With kind regards to you both, I am, yours truly, JOE BLAND.
P.S.-Father has just popped in and read the report. He seems very much amused at something in it, and says he doesn't wonder at the Mercury folks not printing it.
[Copy of the Report sent to the Tinbury Mercury.]
Cricket Match at Woodbourne.
Woodbourne School versus Tinbury School. This long-expected match was played on Woodbourne Common on Saturday afternoon, August 20th, and was witnessed by a large concourse of spectators.
The weather was delightful. The sun shone brightly, but not so fiercely as to distress the players, and the ground was in good condition.
The Tinbury School Club, as challengers, had the first innings, so the Woodbourne boys had to take the field. Charles Thornton
(late captain of the club, and playing with it on this occasion by special arrangement) bowled, and Thomas Blunt (present captain) took the wickets, the other players occupying the remaining posts.
At two o'clock play was commenced, the Tinbury Captain sending two of his best
-Wilkins and Brown-to the wickets. With one look round the field to see that all were in their places, and with a few tinal directions to his “men,” Thornton sent a quiet, uncertain ball to test the skill of the player, and, if possible, to discover his weak points. Wilkins hit the ball fairly, but it was promptly stopped by John Williams, the “mid-wicket.”
Thornton next tried one of his swiftest throws, but the player dex: terously turned it off to “leg," where, however, it was again stopped before any runs could be scored. Two or three other balls followed, for one of which two runs were made, but in the next“over" Thornton resolved to try his notorious “slow-twisters." These came gently springing over the turf till within a few feet of the wickets, when they generally leaped up higher than anyone could expect Brown and Wilkins were evidently puzzled, but they managed for three “overs” to keep the balls off their wickets ; but at last Wilkins, gaining confidence, struck at one with all his might, when it at once cheated his calculation, leaped over his bat, and sent his “bails" flying
Brown soon shared his companion's fate, and the other Tinbury fellows fared much the same, getting an occasional run, but being, eventually, bowled out. In a little over an hour Thornton had the pleasure of seeing the last of the eleven retire, the Tinbury Club having made a score of only fifty-eight runs.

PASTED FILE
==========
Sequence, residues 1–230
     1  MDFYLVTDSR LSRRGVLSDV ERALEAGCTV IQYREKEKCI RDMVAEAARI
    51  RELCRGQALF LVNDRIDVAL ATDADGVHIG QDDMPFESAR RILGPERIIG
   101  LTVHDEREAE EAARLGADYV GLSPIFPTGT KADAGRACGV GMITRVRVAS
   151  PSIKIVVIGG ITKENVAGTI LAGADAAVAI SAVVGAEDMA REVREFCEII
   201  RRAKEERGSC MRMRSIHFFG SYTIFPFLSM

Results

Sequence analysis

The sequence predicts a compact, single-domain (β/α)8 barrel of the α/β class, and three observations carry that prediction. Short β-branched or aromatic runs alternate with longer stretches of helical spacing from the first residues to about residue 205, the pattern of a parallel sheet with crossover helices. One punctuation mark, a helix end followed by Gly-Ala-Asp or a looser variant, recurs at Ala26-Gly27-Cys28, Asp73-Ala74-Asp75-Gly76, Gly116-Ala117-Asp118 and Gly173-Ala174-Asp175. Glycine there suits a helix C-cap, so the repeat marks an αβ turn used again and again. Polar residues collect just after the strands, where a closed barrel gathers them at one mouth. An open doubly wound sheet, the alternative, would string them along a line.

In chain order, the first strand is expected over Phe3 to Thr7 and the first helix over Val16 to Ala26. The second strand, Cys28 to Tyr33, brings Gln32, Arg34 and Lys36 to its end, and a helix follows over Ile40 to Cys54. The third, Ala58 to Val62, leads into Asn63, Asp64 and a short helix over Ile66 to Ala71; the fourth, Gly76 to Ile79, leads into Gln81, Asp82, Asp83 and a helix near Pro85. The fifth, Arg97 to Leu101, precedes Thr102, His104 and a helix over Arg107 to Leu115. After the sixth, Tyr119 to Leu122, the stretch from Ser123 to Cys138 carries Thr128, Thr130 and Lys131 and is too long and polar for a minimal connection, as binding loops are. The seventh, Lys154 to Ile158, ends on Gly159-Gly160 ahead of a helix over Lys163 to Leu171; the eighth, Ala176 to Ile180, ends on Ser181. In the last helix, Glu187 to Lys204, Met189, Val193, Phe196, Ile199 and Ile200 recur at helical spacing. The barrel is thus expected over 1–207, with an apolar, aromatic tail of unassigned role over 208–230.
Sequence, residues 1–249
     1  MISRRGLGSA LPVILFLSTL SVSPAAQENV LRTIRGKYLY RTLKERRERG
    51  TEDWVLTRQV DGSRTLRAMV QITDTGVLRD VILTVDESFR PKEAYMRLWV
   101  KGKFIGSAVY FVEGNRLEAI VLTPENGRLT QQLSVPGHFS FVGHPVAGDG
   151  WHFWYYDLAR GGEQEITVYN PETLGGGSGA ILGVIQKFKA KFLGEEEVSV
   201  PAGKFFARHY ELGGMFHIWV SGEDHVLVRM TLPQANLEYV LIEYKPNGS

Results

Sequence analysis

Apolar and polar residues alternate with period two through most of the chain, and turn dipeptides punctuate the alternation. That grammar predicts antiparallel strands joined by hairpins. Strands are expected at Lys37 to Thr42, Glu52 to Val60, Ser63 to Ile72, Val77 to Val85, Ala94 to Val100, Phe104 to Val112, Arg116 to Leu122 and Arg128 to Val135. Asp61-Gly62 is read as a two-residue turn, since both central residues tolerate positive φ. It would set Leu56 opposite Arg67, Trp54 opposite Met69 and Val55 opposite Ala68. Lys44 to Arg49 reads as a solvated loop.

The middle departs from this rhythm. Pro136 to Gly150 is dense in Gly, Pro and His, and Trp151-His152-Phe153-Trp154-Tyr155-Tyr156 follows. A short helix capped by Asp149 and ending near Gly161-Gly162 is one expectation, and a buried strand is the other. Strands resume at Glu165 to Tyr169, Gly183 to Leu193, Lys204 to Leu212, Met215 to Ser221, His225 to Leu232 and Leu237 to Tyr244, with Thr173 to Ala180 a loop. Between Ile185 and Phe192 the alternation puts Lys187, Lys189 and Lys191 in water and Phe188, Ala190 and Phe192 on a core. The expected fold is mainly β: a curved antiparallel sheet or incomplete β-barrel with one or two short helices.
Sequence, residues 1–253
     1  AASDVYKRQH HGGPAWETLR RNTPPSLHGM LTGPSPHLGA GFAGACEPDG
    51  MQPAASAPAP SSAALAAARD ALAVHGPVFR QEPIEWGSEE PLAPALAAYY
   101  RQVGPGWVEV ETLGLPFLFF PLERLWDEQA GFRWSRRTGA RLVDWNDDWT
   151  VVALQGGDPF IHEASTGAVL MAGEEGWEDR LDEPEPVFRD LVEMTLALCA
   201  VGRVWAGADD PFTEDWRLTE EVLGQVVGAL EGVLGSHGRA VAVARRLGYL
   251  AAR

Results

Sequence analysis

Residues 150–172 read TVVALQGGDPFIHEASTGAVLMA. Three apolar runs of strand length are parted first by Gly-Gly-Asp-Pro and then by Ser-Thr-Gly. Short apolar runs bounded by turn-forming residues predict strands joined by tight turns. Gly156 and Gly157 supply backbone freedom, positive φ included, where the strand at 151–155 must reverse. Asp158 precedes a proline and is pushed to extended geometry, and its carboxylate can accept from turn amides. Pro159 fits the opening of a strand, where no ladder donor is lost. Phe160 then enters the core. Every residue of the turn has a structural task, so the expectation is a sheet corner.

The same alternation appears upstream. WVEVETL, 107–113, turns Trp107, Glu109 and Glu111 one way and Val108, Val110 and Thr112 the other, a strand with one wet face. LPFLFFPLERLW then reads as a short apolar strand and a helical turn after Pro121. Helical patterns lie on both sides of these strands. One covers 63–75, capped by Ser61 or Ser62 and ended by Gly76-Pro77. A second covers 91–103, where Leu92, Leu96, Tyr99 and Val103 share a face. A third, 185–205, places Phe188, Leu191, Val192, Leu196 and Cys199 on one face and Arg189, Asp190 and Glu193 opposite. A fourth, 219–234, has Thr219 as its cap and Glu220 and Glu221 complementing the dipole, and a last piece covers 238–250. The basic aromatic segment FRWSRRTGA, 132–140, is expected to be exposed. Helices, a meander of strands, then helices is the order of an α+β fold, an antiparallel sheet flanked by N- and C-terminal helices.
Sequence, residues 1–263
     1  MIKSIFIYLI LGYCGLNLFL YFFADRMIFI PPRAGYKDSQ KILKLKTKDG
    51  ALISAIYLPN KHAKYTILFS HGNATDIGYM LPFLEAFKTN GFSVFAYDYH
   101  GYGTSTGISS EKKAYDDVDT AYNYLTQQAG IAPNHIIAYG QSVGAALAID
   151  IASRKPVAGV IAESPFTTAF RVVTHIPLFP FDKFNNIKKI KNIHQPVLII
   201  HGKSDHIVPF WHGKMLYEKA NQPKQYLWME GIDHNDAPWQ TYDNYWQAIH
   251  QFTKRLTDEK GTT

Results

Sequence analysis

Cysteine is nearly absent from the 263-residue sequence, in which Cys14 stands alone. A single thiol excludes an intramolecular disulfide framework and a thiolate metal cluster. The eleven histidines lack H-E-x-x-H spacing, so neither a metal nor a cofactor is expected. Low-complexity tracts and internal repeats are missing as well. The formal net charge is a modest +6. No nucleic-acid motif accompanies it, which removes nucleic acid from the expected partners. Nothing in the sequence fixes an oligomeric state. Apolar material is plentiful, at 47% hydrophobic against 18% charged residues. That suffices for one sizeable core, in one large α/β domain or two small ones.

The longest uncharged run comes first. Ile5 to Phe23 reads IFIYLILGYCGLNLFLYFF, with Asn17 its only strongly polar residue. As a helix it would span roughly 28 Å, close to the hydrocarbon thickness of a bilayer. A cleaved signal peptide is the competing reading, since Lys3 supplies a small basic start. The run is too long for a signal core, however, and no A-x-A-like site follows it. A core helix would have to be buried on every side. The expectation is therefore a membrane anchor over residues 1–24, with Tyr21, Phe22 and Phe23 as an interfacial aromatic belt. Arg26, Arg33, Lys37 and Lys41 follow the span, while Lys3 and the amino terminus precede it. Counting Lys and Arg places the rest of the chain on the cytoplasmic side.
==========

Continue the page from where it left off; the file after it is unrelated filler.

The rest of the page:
There was a pause of about ten minutes before the Woodbourne boys went in, during which time the players and the spectators regaled themselves with buns and ginger-beer, which an enterprising old woman had brought on the ground. She drove a brisk trade, and soon bad to fetch a fresb stock.
John Williams and Fred Higgins were the first to take the bats on behalf of Woodbourne School. Some of the boys wanted Thornton to go in first, but he knew better play than that. He had been hard at work bowling, and meant to rest himself before his innings, and he, of course, knew his opponents would be tiring themselves somewhat in the meantime.
The bowling on the part of the Tinbury eleven was very irregular. Brown, who first took the ball, seemed scarcely to know what sort of balls to send, for there were hardly two alike. This, of course, bothered the bats somewhat, but it had the good effect of making them play cautiously. They accordingly watched each ball eagerly, and took advantage of its peculiarities. The swift straight balls they “blocked" or "slipped”; the crooked, wavering balls were driven to all parts of the field; and the springing, dancing balls were knocked right over the beads of the farı hest fielders.
But though the balls were played with such skill, Williams and